There’s a semi “new” trend emerging in the telecommunications industry, and it’s the adaptation of IT-like offerings for current and new customers. These offerings can range in scope from basic services like storage to a full-fledged services model, or “managed services.”
On the surface this concept might seem a little strange or perhaps downright unconventional, but upon closer examination it makes a lot of sense. After all, aren’t we tuned to think in terms of our core capabilities….what it is that we do best…and how we can do it better? Telcos are no different. They have strong motivation to extend their offerings in support of their basic strategies, and moving to an IT-type business model makes good business sense.
Consider some of the services that the telcos are currently providing; they are variations of IT services. One example is IP Centrex, or voice over packet service. Isn’t IP Centrex just another way of saying, ”Let me have your PBX. I’ll manage it, and you’ll just buy the voice service from me.” In the IT world, this is known as “ASP,” or application service provider. Other examples are storage on demand and cloud computing services. These are simply adaptations of the IT distributed systems model that was popular in the 80s.
So what’s fueling this adoption of IT strategy/offerings by the telcos?
First and foremost, it’s the infrastructure. What a telco has, and other types of organizations lack, is the infrastructure to reach the customers. One might argue that in the Internet age this infrastructure is available to everyone, but this is simply not the case. Why? The telcos have the ability to prioritize traffic, and the SaaS (software as a service) companies do not. Tools and mechanisms such as deep packet inspection and quality of service make it possible for the telcos to offer priority-based services that include IT-type offerings.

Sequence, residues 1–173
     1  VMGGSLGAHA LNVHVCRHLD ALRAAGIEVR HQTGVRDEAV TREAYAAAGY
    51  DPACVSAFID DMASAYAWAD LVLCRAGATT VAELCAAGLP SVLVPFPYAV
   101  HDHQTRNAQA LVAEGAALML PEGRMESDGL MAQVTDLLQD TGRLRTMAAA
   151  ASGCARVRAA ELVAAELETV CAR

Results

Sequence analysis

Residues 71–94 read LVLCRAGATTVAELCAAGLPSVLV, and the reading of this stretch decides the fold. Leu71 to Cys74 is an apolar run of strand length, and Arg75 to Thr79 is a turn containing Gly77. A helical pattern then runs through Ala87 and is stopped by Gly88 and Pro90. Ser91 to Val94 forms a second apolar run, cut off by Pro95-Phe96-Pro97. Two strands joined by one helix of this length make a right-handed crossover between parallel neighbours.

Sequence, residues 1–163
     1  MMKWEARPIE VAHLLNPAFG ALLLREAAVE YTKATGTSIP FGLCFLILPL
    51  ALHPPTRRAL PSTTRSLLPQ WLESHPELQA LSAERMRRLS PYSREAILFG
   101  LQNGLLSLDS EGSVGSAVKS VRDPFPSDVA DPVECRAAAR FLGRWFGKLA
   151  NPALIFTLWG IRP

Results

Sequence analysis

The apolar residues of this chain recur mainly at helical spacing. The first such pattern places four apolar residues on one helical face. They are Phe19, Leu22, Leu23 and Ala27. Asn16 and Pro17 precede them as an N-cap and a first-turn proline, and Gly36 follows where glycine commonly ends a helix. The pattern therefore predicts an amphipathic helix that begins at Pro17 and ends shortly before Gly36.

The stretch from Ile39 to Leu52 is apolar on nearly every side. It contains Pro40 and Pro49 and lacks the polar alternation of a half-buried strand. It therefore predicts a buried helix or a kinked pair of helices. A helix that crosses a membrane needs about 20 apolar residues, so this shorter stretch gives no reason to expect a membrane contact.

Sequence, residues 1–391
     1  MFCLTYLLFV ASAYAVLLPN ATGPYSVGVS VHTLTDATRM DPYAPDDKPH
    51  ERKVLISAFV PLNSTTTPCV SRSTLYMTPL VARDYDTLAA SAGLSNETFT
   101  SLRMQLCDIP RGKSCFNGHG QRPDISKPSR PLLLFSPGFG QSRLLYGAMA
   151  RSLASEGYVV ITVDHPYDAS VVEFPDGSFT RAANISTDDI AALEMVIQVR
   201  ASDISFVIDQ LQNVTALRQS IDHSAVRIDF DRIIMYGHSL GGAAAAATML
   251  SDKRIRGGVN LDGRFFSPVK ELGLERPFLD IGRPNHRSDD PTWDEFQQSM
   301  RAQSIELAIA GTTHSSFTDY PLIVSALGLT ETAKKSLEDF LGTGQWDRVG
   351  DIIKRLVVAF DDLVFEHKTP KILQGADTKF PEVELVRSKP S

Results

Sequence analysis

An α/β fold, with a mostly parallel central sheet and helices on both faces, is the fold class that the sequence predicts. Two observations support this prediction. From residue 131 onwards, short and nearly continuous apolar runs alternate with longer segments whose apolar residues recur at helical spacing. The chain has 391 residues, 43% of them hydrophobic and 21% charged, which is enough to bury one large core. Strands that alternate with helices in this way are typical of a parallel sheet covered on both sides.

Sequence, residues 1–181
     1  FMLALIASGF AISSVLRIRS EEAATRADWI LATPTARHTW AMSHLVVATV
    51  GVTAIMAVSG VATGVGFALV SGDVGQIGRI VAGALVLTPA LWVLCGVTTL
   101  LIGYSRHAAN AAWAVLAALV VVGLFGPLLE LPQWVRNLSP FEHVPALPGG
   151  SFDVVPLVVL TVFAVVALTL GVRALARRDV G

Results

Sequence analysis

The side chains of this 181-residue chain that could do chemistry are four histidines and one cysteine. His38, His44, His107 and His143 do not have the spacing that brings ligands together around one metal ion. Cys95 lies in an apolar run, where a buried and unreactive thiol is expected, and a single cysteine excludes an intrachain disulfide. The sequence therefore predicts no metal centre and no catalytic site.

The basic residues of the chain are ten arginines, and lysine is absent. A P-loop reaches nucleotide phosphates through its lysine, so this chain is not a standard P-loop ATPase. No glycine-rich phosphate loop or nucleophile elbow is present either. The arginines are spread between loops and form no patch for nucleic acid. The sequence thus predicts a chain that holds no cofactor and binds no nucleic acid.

Another factor is the decreased rate of ARPU (average revenue per user) from traditional voice services. Yes, ARPU has been declining for several years, and yes it’s not news that telcos are seeking new revenue-generating business. So why not address this market? After all, enterprises are the telco’s main customers. And guess what? The competition is at a disadvantage. The IT service companies of the world cannot provide connectivity between the branches (WAN); it has to be bought from the telcos.
Organizational structure also plays an important role. As part of their core business, the telcos have service bureaus in place that can provide full lifecycle capabilities including service definition, service creation and management, installation, troubleshooting, maintenance, support and more. These capabilities are normally not found within IT companies.
And then there’s strategy. If a service requires the use of core capabilities – for example, connectivity – then it’s not far removed from the core and can be offered by the telco. Many new services offerings were born in this same way – IPTV, to name one.
Also energizing adoption is technology. Until recently, the idea of IT-based services was present within only a small number of “innovators.” But the reduction in storage costs and the decline in bandwidth prices have allowed this trend to materialize and move over to the “early adopters.”
Finally, perhaps what’s most attractive about the IT-type business model is that it presents little to no cannibalization of the telco’s existing services – because rarely do these IT-related services run over onto other parts of the portfolio. A win-win for the telco.
Going forward, it appears that the telcos will have a growing stake in the IT services market.
What do you say? Is this a short-lived trend or a strategy for the long haul? How will this all play out?
(B.Sc. EE, MBA)
Senior Product Manager & Solutions Team Leader